Macau Matters | Shift-work dangers

Richard Whitfield

In Macau a lot of people work on shifts – we are all familiar with the associated early morning, mid-afternoon and late evening traffic jams. This poses some special health risks that I suspect we need to manage better in Macau.

The World Health Organization officially classifies night-time shift-work as a possible carcinogen. This finding is based on the results of many large epidemiological studies that have found substantially higher breast, prostrate, uterus and colon cancer rates among night-shift workers. In a world first, the Danish government recently paid workers’ compensation to several women who developed breast cancer after working on night-shift for several years.

Working night-shifts disturbs our circadian rhythm and the quality of our sleep. This is known to adversely affect our immune system and to reduce the natural night-time production of NK cells in our bodies which are known to recognize, attack and kill many types of cancer cells. Sleep deprivation is also known to stimulate our sympathetic nervous system and fight-flight response (so we feel nervous and are easily startled). This stimulates blood flow and body inflammation responses, which some cancers can take advantage of to speed up their growth, and to speed up their spread via metastasis.

Poor and disturbed sleep also leads to several other health problems because it interferes with several bodily repair functions. During sleep our bodies naturally regulate the proper functioning of many of our genes (which are the part of the cells in our bodies that are used as blueprints to make the proteins and other chemicals we need to sustain life).

For example, sleep deprivation stops the production of Growth Hormone which our bodies use to tell its cells to grow and split to repair bodily “wear and tear”. This is an important part of our immune system as well, which is why sick people often just want to sleep (to let their bodies repair themselves).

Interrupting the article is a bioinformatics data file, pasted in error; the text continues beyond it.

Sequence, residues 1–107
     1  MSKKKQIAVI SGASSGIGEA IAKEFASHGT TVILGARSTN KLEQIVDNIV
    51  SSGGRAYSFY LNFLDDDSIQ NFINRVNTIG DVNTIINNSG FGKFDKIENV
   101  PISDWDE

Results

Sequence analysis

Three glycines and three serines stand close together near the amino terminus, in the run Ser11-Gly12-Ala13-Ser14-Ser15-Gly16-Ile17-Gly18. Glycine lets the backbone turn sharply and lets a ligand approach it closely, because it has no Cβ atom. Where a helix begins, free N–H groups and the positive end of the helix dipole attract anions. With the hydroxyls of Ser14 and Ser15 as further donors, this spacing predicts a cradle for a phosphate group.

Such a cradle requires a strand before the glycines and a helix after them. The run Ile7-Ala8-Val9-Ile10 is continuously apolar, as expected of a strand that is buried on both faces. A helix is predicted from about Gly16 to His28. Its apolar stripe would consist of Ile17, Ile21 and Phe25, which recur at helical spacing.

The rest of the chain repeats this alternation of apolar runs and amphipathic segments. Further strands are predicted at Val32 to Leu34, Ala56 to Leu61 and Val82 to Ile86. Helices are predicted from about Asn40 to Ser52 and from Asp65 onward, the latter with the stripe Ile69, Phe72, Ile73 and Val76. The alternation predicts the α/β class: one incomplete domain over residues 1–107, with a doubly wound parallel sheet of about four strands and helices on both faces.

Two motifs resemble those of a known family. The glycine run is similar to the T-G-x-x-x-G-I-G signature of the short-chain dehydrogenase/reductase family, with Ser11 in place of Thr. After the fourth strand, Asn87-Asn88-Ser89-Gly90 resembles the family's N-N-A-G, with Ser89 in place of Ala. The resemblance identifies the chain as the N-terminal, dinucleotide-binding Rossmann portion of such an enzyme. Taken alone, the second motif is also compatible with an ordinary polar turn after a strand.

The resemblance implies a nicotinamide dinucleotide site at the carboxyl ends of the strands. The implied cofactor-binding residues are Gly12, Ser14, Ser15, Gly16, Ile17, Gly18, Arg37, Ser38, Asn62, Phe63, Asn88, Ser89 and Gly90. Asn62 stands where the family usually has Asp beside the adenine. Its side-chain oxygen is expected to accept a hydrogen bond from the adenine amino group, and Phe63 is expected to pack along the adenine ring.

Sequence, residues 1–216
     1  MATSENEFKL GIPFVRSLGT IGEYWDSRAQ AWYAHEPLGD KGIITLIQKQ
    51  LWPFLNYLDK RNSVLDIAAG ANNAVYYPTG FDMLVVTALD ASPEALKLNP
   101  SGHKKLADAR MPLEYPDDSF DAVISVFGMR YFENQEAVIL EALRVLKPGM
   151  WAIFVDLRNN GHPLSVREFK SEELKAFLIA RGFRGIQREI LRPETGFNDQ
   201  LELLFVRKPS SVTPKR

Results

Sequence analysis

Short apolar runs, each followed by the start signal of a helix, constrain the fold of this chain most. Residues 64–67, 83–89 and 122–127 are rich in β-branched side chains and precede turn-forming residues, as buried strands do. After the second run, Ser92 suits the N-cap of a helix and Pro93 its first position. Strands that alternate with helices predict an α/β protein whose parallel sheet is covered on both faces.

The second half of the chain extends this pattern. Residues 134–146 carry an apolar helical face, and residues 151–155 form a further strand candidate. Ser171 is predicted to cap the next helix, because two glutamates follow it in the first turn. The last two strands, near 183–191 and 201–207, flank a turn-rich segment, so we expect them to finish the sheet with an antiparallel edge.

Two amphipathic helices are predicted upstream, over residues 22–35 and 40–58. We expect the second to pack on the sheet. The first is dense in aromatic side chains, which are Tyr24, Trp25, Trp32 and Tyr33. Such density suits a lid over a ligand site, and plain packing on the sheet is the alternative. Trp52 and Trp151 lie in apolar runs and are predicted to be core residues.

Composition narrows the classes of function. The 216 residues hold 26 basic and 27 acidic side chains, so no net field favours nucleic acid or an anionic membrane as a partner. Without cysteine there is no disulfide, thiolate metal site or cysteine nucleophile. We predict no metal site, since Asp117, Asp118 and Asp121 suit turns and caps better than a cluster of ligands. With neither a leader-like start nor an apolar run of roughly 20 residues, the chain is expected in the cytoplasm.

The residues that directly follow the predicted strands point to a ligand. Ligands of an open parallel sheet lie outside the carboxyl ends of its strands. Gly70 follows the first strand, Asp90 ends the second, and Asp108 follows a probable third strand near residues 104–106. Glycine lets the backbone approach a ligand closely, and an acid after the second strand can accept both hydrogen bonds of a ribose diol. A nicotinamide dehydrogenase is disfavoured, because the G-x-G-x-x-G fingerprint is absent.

Furthermore, in separate studies, experimental subjects that were only permitted to have 4 hours of sleep each night for a week before being vaccinated for Flu and for Hepatitis A and Hepatitis B were found to only produce 50% of the anti-bodies of other comparable subjects that were not sleep deprived. Thus prior sleep deprivation may affect the efficacy of vaccinations that help strengthen our immune system.

Similarly, inadequate sleep lowers the concentration of Leptin (which makes us feel satiated) and increases the levels of Ghrelin (which makes us feel hungry) in our bodies. Thus chronic lack of sleep leads to over-eating and poor dietary habits, and thus to obesity and diabetes. It also lowers our energy levels so we do not want to exercise.

Even small amounts of sleep deprivation can have a big impact. It is known that the start of daylight savings time, and its associated 1 hour of sleep loss, is strongly correlated with spikes in heart attack and traffic accident rates.

Some researchers say that good quality and quantity sleep is the essential foundation for a healthy life, along with good dietary practices and regular exercise. Many epidemiological studies have found correlations with sleep and many physical and mental health problems and overall lifespan. In Macau, I believe that we need to put a lot more effort into publicizing the benefits of a good night’s sleep, and how to reduce the deleterious effects of working on night-shift.

Reference: Walker M (2017) Why We Sleep – The New Science of Sleep and Dreams, New York:Penguin Random House

Categories Opinion